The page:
Wednesday, June 16, 2010

A Graduation Proclamation

OK, I admit it. I’m Scrooge.

For years, every June, I would listen to the “Graduation Kiddush” sponsors list announced in my synagogue. Family X, in honor of their son graduating pre-nursery. Family Y, in honor of their daughter graduating nursery. And so on, up through high school, college, and the occasional person who just passed the bar.

And I would just be irritated.

But not by the rattling off of the names, per se, or the lengthier announcements. Pay your $36 and you get to hear your name. That’s cool with me. And when they would get to the 8th grade graduations, I would even nod my head and give the congratulatory shul mumble. High school graduations, I would even say Mazel Tov. College graduation, hearty Mazel Tov. Grad school? Even heartier.

It was the nursery school “graduations” I had a problem with.

Yep, I’m Scrooge. Or old school, at least.

To be clear, I think early childhood education is critically important. The practical skills children learn, the social-emotional development, the understanding of how to be part of a group, and not least of all the self-esteem and joy they feel each day, are all wonderful. And in a Jewish context, they also get a love for Jewish life built on a foundation of both knowledge and emotional connection. I love that my daughter is off and running when I drop her off each day, ready to jump in to a world of play, friendships, and learning.

But I think words and terms have value, and I don’t like cheapening them. To me—and I think, to most people—graduation carries a special connotation, the idea of completing an education over a number of years, and building toward a higher goal that can only be achieved cumulatively. And it’s precisely because you have to work hard for it, stick it out, and keep the end goal in sight, even when it seems so far away you can barely see it, that it’s all the more worthwhile. Underlying that premise is that you’re old enough to understand all of that.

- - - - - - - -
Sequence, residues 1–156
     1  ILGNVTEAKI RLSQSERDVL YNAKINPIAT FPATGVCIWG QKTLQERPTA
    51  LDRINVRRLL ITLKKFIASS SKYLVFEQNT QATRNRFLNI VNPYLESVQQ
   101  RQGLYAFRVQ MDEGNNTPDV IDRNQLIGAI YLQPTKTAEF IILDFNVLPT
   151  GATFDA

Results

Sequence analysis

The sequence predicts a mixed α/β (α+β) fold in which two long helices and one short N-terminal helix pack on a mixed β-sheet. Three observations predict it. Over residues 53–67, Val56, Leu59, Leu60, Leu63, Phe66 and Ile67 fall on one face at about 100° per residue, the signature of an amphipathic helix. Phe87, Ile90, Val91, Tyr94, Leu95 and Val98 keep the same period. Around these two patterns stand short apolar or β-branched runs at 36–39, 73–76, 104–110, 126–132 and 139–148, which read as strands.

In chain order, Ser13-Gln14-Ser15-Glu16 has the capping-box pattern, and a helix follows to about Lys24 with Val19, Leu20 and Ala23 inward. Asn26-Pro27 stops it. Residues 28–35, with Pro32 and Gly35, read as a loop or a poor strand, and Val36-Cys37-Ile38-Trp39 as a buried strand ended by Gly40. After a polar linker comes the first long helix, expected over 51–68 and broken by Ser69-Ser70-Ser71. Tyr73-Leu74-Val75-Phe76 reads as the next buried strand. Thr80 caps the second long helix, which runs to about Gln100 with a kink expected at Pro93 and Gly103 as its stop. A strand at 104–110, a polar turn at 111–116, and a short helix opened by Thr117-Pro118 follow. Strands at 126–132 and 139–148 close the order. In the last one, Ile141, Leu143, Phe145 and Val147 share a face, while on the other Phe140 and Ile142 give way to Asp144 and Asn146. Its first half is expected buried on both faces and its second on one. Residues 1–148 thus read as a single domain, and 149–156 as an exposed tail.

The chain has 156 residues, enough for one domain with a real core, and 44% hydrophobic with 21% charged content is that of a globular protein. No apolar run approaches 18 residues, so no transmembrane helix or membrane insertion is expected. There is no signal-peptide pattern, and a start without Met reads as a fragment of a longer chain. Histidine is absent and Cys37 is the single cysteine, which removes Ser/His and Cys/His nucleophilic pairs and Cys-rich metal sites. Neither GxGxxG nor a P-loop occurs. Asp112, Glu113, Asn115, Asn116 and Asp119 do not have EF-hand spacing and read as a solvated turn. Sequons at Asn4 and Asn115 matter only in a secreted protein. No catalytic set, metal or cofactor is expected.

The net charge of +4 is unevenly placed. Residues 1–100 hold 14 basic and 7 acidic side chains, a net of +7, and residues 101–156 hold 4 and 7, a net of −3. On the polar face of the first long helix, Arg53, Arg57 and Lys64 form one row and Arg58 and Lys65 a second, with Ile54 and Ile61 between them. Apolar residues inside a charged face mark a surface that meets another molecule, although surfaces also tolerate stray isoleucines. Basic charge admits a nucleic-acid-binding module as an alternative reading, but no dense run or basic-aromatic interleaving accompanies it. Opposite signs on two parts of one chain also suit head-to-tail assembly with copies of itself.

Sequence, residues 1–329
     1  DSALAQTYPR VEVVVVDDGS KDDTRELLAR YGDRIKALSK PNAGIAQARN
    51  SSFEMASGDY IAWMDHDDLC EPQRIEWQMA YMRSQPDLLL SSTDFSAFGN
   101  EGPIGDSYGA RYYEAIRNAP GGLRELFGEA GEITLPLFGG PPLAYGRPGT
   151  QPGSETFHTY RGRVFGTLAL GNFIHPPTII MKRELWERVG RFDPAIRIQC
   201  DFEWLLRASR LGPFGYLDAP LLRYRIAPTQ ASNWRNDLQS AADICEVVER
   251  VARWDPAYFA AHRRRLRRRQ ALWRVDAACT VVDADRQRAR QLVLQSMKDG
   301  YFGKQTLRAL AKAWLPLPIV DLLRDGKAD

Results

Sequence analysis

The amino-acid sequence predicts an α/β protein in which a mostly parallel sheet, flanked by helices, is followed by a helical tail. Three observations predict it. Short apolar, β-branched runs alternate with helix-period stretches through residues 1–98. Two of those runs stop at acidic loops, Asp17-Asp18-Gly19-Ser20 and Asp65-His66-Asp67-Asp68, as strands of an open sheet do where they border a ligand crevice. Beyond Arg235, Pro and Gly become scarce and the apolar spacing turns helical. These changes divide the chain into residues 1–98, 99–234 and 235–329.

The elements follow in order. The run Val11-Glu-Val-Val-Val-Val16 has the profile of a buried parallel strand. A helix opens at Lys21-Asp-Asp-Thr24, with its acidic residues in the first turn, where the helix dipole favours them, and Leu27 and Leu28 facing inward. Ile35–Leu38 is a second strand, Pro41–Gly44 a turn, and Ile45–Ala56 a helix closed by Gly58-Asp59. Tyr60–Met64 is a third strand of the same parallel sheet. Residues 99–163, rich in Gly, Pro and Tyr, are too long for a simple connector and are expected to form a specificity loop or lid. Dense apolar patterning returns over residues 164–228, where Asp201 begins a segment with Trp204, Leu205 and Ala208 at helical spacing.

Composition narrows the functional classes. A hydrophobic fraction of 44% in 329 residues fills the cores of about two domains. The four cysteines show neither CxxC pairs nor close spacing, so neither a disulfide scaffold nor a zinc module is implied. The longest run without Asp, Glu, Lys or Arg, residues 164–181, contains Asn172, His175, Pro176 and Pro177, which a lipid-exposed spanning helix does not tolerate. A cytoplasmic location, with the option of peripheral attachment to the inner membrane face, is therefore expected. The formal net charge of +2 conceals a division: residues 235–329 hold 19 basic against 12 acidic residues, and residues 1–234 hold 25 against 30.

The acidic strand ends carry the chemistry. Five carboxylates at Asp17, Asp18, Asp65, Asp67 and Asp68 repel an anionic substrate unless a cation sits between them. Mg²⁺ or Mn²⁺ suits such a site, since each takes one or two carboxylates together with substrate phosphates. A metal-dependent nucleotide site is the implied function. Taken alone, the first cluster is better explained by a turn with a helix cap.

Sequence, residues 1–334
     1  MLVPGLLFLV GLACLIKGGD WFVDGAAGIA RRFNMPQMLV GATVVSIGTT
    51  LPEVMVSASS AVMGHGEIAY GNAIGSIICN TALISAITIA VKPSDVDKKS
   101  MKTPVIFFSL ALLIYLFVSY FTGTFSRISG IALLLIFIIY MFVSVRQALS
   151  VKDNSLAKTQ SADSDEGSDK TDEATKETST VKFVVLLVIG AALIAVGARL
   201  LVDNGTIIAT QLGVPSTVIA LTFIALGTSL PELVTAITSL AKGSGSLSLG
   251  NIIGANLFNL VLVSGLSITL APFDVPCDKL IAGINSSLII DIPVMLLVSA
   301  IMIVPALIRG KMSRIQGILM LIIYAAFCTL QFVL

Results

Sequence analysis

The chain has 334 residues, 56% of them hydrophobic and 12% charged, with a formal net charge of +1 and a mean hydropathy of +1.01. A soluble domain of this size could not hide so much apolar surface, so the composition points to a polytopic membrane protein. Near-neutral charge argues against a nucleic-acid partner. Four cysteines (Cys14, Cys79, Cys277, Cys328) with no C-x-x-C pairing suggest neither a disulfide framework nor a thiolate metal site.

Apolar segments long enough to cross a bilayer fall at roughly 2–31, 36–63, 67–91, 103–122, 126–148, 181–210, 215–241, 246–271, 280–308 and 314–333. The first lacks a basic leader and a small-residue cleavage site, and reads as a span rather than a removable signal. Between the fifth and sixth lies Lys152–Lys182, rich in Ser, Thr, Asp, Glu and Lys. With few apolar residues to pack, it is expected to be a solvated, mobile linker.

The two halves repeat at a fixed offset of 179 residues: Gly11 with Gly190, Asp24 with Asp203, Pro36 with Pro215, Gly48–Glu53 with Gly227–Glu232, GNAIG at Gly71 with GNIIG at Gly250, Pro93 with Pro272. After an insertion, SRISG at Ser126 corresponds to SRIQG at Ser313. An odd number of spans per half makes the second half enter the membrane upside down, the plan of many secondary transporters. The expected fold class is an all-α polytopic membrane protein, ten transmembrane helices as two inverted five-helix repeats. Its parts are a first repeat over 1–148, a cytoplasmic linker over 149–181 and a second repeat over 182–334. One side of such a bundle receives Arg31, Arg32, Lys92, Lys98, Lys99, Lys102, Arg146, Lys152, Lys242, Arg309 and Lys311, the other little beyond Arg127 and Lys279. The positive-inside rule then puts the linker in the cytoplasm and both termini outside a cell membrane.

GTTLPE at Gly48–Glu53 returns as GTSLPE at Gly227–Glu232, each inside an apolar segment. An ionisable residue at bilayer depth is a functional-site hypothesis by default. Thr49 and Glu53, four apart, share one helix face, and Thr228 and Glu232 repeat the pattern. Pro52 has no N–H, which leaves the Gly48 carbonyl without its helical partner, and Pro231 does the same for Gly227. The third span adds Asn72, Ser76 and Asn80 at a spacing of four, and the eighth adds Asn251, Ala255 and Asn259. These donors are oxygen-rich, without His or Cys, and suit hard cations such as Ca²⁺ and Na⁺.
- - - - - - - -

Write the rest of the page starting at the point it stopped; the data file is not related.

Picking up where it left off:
Which is why I was glad to see that my four-year-old daughter’s pre-nursery closing program last week was called just that—a closing program. Not graduation.

But her 3-year-old program the year before? She wore a graduation cap with a mortarboard. Made out of construction paper, but you get the idea.

And I was a proud papa at both programs, of course. (Especially when she took a bow and went down the slide at last year's; that's the moment of truth.)

But one day, when she’s older, I’ll sit her down and teach her that words have meaning, sometimes on multiple levels. Those meanings should be appreciated, even celebrated. And sometimes, they should be reserved for special, even exclusive, occasions.

Perhaps we’ll have that talk at her 8th grade graduation party.

And then afterward we’ll talk about why it’s called commencement.


  1. And I hope when she has that eighth grade commencement- that it is from a wonderful school and that you and she are pleased with the meaningful experience she had there and the wonderful opportunities and learning ahead of her in high school and beyond.

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  3. My daughter had her last day at preschool today. They held a "celebration" which I also thought was a lovely name for the event. The children sang a song and received their portfolios. Then we ate. Short and sweet.

  4. From a very different perspective, I spent years trying to explain to my students that their wedding celebration was not nearly as important as the years that they would spend together with their spouse, and that the effort would be better spent at building the foundations of a healthy relationship rather than throwing a lavish party.

    Guess I am a scrooge, too.

  5. Well put. What bothers me more is the expectation that young children should perform at these events. Celebrating endings should be joyful and a chance for being together and there are so many ways to do that. Expecting these little ones to stand on stage and sing, speak, or act seems more about pleasing adults than encouraging or supporting the children.

  6. Right On Sid! What a great sense of developmental appropriate practice you have. Not only do words have meaning but so do experiences.

  7. Ellen --

    While my daughter's program had the performance component, the second half was each kid received a "memory box" filled with pictures and projects from throught the year, and they got to decorate the box with their parents. (And of course eat snacks.) That was fantastic, in my opinion.